Managing your online reputation is never easy, whether you’re an individual or a business. But airlines have it tougher than most. With people relying on prompt flights to get them to weddings, funerals, graduation ceremonies, and that well-deserved vacation, tempers can flare when flights get delayed or poor service is given. Let’s take a look at some of the major U.S. airlines and how they are (or aren’t) practicing good online reputation management, particularly Twitter.
My personal favorite among U.S. carriers, Southwest has a pretty good social media team. I like that the responses to angry customers are signed with the initials of whatever employee is running the account. It gives it more of a human feel, rather than if you were just yelling at some nameless corporate account.
The human touch on Twitter makes it even more awkward that Southwest uses a bot for Facebook Messenger. Now, I understand that there’s a huge volume of requests–usually the same ones about flight times and delays–and Southwest simply doesn’t have the manpower to answer all of these requests. It makes perfect sense from a business standpoint and on that front, I support it all the way.
I’ll just make sure to turn to Twitter the next time I want to get in touch with Southwest, instead of Facebook.
Like Southwest, they’ve got a pretty human touch with regards to their Twitter feed. They use passengers’ names when responding to complaints, which makes it feel like they actually care. They also have a consistent brand voice, one that is friendly, helpful, and seems to be genuinely apologetic when a customer is complaining.
I’ve never flown Jet Blue, since they don’t fly out of Louisville, but after seeing how their team responds on Twitter, I wouldn’t hesitate to give them a try.
American is one of the main U.S. carriers and is very corporate. This carries into their Twitter and the way that they respond to customer complaints.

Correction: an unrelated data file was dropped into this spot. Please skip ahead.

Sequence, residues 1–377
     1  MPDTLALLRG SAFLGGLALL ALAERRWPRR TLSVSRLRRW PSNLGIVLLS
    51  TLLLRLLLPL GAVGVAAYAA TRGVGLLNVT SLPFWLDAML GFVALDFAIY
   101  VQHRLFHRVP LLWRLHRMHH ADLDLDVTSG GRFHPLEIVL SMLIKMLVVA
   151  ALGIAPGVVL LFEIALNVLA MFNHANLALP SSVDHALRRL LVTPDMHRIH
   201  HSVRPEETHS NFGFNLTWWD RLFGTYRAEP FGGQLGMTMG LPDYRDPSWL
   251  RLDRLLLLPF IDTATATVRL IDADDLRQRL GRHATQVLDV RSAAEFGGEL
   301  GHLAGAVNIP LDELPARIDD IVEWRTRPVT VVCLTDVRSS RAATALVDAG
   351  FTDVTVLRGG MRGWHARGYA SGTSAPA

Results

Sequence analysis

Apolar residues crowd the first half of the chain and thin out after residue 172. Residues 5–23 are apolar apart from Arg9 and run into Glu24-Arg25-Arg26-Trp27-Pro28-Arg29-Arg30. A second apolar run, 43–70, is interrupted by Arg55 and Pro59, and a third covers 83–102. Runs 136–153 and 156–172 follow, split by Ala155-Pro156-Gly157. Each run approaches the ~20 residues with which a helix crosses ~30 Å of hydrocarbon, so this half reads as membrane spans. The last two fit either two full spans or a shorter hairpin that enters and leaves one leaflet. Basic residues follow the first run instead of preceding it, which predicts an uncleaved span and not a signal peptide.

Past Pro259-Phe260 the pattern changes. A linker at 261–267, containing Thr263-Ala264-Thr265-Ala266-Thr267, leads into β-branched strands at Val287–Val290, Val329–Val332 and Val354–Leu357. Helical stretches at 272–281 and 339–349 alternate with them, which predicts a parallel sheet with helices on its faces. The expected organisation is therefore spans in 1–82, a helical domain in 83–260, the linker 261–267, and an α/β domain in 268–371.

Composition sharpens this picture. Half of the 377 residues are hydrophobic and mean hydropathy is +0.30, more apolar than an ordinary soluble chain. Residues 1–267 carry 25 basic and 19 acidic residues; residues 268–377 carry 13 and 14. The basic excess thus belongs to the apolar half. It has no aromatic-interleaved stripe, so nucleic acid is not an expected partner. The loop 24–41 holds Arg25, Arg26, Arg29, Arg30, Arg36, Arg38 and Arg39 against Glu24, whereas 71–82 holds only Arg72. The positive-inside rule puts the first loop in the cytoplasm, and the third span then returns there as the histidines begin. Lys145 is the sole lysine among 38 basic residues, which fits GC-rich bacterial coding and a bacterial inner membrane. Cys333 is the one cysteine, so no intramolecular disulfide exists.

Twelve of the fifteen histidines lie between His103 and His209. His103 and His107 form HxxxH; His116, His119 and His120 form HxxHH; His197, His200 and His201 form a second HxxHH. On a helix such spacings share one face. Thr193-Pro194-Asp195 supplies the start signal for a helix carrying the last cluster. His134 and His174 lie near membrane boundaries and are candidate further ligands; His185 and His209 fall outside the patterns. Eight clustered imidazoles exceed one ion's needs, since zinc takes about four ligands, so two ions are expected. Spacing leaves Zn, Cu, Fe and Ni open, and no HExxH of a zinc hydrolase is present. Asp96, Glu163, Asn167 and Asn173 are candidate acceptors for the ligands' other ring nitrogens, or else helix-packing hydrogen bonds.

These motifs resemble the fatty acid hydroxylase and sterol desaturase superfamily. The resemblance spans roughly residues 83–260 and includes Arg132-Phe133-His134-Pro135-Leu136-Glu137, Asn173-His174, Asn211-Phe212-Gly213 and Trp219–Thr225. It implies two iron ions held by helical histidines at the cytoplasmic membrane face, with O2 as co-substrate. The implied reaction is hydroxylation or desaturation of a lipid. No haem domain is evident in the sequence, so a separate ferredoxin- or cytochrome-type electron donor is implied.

One of the best things I learned in my sales class was that a lot of the time, customers just want to vent and know that someone cares about their problem. A quick way to upset them? Shirk responsibility and give vague answers. Case in point, this tweet, where American appears to completely ignore the customer’s question:
Ah, United. The airline we all loved to hate in 2017, after numerous scandals of passengers getting forcibly removed from planes (sometimes beaten up, too).
While the airline’s crisis communication team may or may not have improved as a result of last year’s scandals–only time will tell–their customer service team has definitely been taking notes from Southwest and Jet Blue. A quick look through their “Tweets & replies” shows that their team is friendly and sincere. They even use passengers’ names, à la Jet Blue, and sign their replies with their initials, just like Southwest.
Online reputation is a key component for companies today and airlines are no exception. While they may have gotten the short-end of the stick in some ways, a lot of airlines are using social media to get a reputation as personable, genuine, and caring.
The next time your flight is delayed, try tweeting your airline. You might be surprised by the results.